Last month, following a series of seemingly random tweets by Wikileaks, we reported that starting on February 4th, each day Wikileaks began sending out a series of cryptic question Tweets teasing the world about “Vault 7”. The questions were framed in Who, What, When, Where, Why, and How format (but not in that order). Each came with an image “clue”.
from Zero Hedge:
Here they are in chronological order starting with the earliest.
- What: The first tweet shows a picture of the Svalbard Global Seed Vault.
- Where: The second tweet shows a picture of a vault in a former salt mine in Merkers, Germany where Nazis stored money, gold, paintings, and other valuables during World War II. This mine vault was captured by the United States in April 1945.
- When: The third tweet shows a picture of a Pratt & Whitney F119 airplane engine, which is the engine for the Lockheed Martin F-22 Raptor. The picture in the tweet was taken on April 9th, 2010 at Langley Air Force Base as part of a story published on April 12th about the soundproof “hush houses” used for jet engine testing.
- Who: The fourth tweet shows a picture of the Manning, Assange, and Snowden “infamous spies” posters released by the Defense Security Service.
- Why: The fifth tweet shows a picture from the article Keeping Structures Strong, which discusses the 509th Civil Engineer Squadron’s work repairing infrastructure on Whiteman Air Force Base. The specific picture tweeted is captioned “Staff Sgt. Adam Boyd, 509th Civil Engineer Squadron structural supervisor, welds a box blade for a snow plow, Feb. 27. Structures Airmen perform jobs such as this one to save the Air Force from having to possibly spend money on parts made by civilian companies.”
- How: Or, more specifically, “How did #Vault7 make its way to WikiLeaks?” The sixth tweet shows a picture of “Surveillance of mailboxes in Berlin”. The picture is caption “When mailboxes were being observed by Stasi agents, every person posting a letter was photographed. Some films found in the Stasi archives also show persons dressed in civilian clothing emptying the mailbox after the conclusion of the surveillance action.”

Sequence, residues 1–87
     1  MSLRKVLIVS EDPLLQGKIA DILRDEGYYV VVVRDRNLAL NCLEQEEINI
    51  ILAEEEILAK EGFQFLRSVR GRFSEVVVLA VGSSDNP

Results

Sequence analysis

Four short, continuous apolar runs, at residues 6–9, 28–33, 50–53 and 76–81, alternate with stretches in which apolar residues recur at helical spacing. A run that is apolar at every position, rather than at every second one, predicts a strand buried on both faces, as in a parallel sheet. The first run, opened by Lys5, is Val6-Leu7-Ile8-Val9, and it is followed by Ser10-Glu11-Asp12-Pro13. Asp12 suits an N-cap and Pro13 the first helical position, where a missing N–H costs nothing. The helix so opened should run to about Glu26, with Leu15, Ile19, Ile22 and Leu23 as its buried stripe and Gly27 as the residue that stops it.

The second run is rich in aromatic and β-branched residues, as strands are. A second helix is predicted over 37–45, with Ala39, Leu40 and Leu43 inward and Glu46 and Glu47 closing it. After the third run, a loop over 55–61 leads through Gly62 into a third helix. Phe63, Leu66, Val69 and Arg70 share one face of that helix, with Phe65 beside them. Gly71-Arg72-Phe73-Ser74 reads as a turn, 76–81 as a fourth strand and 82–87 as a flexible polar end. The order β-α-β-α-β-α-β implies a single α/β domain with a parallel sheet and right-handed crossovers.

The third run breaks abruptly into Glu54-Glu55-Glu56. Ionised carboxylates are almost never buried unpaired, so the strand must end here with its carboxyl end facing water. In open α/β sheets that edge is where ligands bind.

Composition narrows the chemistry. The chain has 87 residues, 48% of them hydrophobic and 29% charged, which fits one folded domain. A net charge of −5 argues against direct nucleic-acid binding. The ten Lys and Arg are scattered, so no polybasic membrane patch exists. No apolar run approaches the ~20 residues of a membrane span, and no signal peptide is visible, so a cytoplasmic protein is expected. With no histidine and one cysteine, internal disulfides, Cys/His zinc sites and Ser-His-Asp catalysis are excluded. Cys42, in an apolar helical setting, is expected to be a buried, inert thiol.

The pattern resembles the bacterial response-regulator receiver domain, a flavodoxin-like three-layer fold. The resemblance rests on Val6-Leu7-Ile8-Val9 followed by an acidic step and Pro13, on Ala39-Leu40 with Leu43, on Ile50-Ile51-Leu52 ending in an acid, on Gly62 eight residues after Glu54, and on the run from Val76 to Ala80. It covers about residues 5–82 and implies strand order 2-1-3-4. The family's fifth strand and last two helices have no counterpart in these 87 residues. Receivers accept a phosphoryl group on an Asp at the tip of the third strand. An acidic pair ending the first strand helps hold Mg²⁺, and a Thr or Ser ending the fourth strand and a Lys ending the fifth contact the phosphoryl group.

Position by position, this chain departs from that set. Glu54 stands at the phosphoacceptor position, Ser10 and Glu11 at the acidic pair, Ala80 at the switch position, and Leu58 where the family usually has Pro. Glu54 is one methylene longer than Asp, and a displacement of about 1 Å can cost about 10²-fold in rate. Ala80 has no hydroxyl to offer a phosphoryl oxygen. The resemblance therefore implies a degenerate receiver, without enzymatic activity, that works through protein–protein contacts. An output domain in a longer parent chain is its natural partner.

While it is possible that Vault 7 is directly related to one of these pictures, these pictures may just be representative images, part of some sort of pattern, or clues about the answers to the corresponding questions. As the pictures are images of entirely different things (and no longer just pictures of vaults), each individual picture being related to the answer of the question tweeted along with it seems quite plausible.
Then, after a flurry of appearances over a month ago, the topic of “Vault 7” faded away from the Wikileaks twitter account, until Monday evening, when in a tweet around 7:30pm, Wikileaks announced that it had released an encrypted ‘torrent’ file, just over 500 MB in size and which can be downloaded now at the following URL, will be made accessible for everyone tomorrow at 9am ET when Wikileaks releases the passphrase.
In subsequent tweets, Wikileaks provides further information on how to unzip the encrypted file contained in the torrent.
Why unveil the contents of “Vault 7”, which some have speculated is a form of an insurance policy for Julian Assange? It may have something to do with Saturday’s report that Guillermo Lasso, the frontrunner in Ecuador’s presidential election, whose runoff round will take place on April 2, has warned that he will ask “Assange to leave our [London] embassy.” Or it could be something totally different.
For now, there is no indication what is contained on the released torrent, although we are confident that many will have it downloaded and looking forward to tomorrow’s 9am release of the password to unlock the contents of the mysterious file.